Safety Practices

Potential Violence

Icon of a house with a lock in it

As you read through this potential violence scenario, use your practice checklist to ensure each step of the response is being followed.

You are the director of a child care center that enrolls infants, toddlers, and preschoolers. One of your parents/guardians informed you of a custody battle with his spouse pending their divorce. He provided legal documentation that he has sole custody and his spouse does not have visitation rights. However, on Friday afternoon, his spouse arrives at the program and states that she is picking up their two children for weekend visitation. After asking for her identification and checking your authorization list, you inform her that she is not on the approved authorization list and you cannot release the children to her. She responds by loudly announcing that they are her children and she will be taking them. You hope to resolve this peacefully, but you immediately contact the child’s custodial parent/guardians and initiate lockdown procedures according to your practiced plan.

You initiate your standard lockdown procedure by alerting staff with an audible alarm system. All staff remain where they are with children and lock their doors from the inside of each room. Staff count heads, and children are led to the safest designated area, where the teacher engages them in quiet activities.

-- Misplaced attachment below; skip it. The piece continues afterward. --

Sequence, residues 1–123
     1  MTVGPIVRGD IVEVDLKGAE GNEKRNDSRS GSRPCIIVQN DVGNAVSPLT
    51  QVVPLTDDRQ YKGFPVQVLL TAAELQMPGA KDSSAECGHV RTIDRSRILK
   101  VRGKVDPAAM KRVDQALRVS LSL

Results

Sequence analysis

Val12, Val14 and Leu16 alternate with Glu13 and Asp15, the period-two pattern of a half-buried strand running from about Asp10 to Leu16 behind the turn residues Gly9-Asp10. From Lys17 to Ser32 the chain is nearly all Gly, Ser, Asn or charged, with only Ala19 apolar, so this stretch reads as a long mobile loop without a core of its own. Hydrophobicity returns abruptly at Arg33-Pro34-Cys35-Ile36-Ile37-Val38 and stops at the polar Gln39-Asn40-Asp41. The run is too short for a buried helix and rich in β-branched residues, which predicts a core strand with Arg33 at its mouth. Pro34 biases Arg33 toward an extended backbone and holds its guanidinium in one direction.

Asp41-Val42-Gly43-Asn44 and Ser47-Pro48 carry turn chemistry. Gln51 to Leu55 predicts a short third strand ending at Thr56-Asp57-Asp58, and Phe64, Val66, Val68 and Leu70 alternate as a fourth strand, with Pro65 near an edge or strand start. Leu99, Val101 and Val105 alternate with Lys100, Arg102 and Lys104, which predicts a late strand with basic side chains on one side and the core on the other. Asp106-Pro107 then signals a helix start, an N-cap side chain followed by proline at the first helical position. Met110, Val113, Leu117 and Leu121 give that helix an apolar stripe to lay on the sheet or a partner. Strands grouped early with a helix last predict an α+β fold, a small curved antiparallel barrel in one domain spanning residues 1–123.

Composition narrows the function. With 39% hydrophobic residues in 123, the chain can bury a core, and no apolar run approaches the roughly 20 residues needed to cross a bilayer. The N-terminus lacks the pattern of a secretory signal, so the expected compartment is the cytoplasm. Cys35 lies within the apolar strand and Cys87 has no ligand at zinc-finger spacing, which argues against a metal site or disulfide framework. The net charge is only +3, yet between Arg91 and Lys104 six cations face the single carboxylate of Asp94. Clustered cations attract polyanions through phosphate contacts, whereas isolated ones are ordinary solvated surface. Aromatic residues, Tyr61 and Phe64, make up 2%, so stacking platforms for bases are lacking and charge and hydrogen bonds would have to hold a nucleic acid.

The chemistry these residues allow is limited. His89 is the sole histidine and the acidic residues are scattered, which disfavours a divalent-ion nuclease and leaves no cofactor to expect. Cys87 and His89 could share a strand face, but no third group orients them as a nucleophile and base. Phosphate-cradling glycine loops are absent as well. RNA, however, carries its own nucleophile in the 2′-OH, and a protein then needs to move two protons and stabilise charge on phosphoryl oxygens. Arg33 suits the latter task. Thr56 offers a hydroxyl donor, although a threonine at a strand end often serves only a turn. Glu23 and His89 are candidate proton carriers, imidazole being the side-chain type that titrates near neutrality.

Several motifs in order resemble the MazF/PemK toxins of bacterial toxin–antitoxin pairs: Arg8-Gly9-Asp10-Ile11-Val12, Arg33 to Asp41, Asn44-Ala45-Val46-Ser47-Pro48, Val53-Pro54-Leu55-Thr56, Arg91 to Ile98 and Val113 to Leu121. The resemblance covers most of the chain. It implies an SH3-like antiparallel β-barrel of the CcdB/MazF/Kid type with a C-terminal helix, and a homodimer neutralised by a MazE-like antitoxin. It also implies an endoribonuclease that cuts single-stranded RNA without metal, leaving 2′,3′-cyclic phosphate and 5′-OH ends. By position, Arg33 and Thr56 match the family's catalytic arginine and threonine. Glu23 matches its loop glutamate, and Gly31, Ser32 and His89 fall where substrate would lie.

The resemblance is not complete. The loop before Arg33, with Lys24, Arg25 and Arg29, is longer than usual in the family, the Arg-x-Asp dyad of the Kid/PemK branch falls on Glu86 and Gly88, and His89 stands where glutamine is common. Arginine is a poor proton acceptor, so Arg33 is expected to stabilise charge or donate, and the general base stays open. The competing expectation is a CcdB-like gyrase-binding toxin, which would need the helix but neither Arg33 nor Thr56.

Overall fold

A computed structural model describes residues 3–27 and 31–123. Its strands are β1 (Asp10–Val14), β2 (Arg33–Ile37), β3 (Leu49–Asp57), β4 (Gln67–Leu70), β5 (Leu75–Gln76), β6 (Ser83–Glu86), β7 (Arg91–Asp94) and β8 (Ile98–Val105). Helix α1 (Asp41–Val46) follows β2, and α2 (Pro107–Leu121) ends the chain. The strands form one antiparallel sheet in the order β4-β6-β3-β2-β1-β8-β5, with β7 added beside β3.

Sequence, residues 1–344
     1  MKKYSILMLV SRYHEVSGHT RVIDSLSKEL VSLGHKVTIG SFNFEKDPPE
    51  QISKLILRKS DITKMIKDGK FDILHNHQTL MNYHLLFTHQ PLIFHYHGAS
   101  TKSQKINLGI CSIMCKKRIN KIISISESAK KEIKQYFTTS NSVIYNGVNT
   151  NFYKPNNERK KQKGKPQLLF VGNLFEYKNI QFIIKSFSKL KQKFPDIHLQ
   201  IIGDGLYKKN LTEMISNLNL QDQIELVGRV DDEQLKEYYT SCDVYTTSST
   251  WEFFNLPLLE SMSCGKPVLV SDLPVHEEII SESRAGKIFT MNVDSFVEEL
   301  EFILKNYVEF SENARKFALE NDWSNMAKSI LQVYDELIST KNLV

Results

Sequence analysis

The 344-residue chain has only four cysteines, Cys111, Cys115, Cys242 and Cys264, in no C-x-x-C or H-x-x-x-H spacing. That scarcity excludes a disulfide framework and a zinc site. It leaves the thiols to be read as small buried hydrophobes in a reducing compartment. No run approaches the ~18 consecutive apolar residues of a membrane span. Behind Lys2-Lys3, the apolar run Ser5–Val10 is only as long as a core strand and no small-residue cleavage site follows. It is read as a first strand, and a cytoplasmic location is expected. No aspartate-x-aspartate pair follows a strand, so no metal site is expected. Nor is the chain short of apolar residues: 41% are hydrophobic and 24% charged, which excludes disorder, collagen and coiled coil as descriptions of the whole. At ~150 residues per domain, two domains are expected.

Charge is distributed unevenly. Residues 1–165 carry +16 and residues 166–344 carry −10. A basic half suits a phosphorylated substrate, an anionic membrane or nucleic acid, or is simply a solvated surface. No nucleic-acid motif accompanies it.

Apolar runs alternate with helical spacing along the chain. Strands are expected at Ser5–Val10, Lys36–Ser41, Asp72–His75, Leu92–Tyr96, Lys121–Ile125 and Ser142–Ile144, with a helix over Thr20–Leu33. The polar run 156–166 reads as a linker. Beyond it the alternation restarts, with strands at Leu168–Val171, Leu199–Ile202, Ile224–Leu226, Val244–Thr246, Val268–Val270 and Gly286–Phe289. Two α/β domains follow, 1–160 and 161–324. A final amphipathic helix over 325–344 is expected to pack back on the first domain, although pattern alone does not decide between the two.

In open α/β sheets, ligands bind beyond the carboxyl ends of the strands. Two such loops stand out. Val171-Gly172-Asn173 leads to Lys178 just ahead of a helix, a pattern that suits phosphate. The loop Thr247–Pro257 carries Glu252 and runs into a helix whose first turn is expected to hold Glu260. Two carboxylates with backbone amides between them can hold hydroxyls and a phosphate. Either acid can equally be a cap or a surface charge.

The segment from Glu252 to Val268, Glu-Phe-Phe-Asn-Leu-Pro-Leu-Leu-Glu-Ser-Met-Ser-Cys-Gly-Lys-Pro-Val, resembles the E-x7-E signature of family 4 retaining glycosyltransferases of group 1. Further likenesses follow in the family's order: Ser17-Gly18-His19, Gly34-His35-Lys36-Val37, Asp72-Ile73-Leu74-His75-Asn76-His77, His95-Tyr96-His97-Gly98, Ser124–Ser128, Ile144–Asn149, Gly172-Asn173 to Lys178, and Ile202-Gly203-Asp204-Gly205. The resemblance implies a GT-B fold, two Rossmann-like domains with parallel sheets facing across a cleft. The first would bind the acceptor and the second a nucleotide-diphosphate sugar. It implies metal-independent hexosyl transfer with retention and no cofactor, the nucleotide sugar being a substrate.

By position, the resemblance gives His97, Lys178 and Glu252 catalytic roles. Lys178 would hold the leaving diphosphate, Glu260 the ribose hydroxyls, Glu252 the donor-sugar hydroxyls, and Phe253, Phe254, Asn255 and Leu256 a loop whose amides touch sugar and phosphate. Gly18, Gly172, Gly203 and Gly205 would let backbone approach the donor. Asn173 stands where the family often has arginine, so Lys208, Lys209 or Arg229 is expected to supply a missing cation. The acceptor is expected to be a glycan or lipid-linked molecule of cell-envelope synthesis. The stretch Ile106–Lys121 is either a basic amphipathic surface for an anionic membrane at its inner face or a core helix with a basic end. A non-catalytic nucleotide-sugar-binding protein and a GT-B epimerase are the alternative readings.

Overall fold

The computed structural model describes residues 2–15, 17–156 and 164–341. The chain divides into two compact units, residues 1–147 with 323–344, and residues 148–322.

You again advise the woman that you cannot release the children to her and offer to contact the custodial parent/guardians.

Here’s where it can change.

  1. The woman gets angry, says several things about her spouse, and leaves the facility, slamming the door behind her. After the situation is resolved, you give staff the all clear to end lockdown. However, you continue to be alert and provide additional supervision in the classrooms where the two children are enrolled while you wait for the custodial parent/guardians to arrive. After he arrives, you give staff the all clear to resume normal activities.
  2. The woman continues to shout and threaten legal action against the center. When she refuses to lower her voice and leave the facility, you contact 911 for assistance. You calmly try to diffuse the situation while waiting for first responders. During this time, you have a staff member contact the custodial parent/guardians. The center remains on lockdown until the situation is resolved. Staff engage the children until an all clear signal is given.

Questions to consider while reading

  • How would you communicate the incident to parents/guardians of the other children in your care?

Last Updated: December 18, 2019